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I Lost My Home, My Job and My Marriage, So I Climbed Kilimanjaro

September 17, 2015

Savoring the summit with my newfound soul mate Susan (left). PS: We’re not that fat, just wearing six layers of clothes. (Photo: Susan Paley Abramson)

It’s 2 a.m. and I’m in a tent pitched on snow just below the summit of Kilimanjaro. I haven’t felt my fingers or toes in a few days, and my head has hurt for just as long. I’m coming down with bronchitis. I’m clutching a hot water bottle inside my thick down sleeping bag but still shivering too hard to sleep, and also filled with a Christmas-morning anticipation of getting this journey over with tomorrow.

I’m awake through yet another pitch-black, endless lonely night. It dawns on me that I’ve been too heedful of the guides’ admonishments to drink lots of water to fend off altitude sickness. I fumble around for my headlamp, then retrieve my Sani-Fem Freshette from its sticky Ziploc and take care of business (don’t ask). But I must be delirious from the elevation, and I let my pee bottle overflow. I search for some disposable clothing, then set about mopping up my tent floor. I’ve had some bleak, embarrassing moments in the past couple years, but this is surely a new low. I wonder why I’ve paid for this misery.

I could have just gone to the Bahamas for my birthday.

Related: I Conquered Kilimanjaro for the Big 4-0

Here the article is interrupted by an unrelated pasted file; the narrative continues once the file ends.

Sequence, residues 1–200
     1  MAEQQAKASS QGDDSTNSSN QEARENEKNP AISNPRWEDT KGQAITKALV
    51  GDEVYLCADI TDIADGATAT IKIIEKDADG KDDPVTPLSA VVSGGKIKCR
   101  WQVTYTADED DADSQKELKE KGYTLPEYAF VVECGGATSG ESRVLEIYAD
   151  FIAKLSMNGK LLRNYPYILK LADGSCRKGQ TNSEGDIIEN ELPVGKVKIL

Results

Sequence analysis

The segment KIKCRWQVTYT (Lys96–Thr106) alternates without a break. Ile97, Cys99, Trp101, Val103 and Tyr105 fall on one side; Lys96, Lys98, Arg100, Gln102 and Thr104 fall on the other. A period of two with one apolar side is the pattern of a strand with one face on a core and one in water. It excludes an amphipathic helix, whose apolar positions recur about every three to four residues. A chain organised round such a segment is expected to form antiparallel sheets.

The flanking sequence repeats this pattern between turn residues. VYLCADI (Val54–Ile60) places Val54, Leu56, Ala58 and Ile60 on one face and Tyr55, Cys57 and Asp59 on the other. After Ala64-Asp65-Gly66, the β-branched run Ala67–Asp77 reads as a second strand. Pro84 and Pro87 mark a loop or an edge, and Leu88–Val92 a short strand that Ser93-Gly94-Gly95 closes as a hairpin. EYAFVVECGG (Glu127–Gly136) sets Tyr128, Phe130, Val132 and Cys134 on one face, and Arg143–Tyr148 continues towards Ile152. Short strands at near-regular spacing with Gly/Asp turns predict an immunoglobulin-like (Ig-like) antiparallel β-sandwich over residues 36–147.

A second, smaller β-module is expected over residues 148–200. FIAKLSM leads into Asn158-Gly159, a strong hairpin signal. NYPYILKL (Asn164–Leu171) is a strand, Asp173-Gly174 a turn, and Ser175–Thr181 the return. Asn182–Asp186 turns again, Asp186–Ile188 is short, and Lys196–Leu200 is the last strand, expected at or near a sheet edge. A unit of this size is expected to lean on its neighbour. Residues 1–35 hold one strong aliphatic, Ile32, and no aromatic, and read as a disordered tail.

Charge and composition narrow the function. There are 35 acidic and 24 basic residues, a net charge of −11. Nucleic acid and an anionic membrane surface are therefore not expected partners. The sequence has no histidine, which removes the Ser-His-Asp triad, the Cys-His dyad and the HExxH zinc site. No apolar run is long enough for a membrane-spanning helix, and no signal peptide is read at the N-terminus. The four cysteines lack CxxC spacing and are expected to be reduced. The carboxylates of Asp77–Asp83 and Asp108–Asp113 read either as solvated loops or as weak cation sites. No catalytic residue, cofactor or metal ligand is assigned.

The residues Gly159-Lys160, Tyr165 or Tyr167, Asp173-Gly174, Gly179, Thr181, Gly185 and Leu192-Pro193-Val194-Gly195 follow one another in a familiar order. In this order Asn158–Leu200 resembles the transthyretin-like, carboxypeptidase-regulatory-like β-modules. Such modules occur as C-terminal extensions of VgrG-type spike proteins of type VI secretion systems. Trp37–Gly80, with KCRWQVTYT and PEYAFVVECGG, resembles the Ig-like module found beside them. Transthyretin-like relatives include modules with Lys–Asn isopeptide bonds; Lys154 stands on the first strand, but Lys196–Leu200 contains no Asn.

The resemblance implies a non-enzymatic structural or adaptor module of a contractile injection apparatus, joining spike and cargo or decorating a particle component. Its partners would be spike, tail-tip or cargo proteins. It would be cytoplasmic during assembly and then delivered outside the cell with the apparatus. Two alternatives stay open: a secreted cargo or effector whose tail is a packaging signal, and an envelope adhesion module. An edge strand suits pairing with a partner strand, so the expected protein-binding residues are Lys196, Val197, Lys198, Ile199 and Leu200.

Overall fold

Almost done with the Western Breach. Notice the puffy, tear-stained face. (Photo: Susan Paley Abramson)

About two years earlier, my life had exploded. In February 2012, I had a dream job as the travel editor of a respected luxury magazine; I was married to a lovely man who my friends and family seemed to think was the best thing that ever happened to me; and I lived in a sun-drenched loft in New York’s East Village. By that September, I was trying to respect (and support) myself as a freelance writer and blogger, in the messiest part of divorce proceedings, and crying on the kitchen floor of my new bare-bones railroad apartment in Brooklyn, which I would be sharing with a friend of a friend and which I quickly named Fort Squalor.

Shortly after that, I turned 39. I was staring at 40. Middle age. And this was no longer the life I was supposed to be leading. I wasn’t ready to think about 40. 

I was doing everything you’re expected to do when you’re 25—living in the cheapest apartment I’d had in my 17 years in New York, having late-night conversations with my roommate (who was herself 28), traveling, blogging, and dating, shall we say, enthusiastically. In the midst of my forced reinvention, I had as much freedom—and fear—as I’d had at 25. And maybe I didn’t quite look 25, but a lifetime of sunscreen vigilance had paid off. Nothing in me identified with 40.

And so. What now?

With the summit still looming far in the distance. (Photo: Susan Paley Abramson)

My birthday gift to myself for 39 was the deposit on a trip to climb Kilimanjaro. The plan was to turn 40 on the mountain. It’d be my “F— you, 40” climb, proof that I was still gutsy, fit, vital, strong, slightly crazy, and young. It would also be my way of showing that in spite of losing my job, my marriage, and my home, I was still standing. Not just still standing—standing atop a 19,340-foot summit.

I wasn’t a serious hiker, and certainly no mountaineer. I grew up in New Mexico, with mountains in my front yard, and I’d climbed a 14-er at summer camp in Colorado, but it was only in my mid-30s that I started to enjoy hiking. But I still had a very casual relationship with it, taking the occasional day hike in the Hudson Valley, hitting the trail on a work trip, or doing bits of the Appalachian Trail with a friend who’s section-hiking the whole thing. (My AT nickname—all hikers get one—is Girlie Badass. A fellow hiker promptly said, “I get the girlie, but….)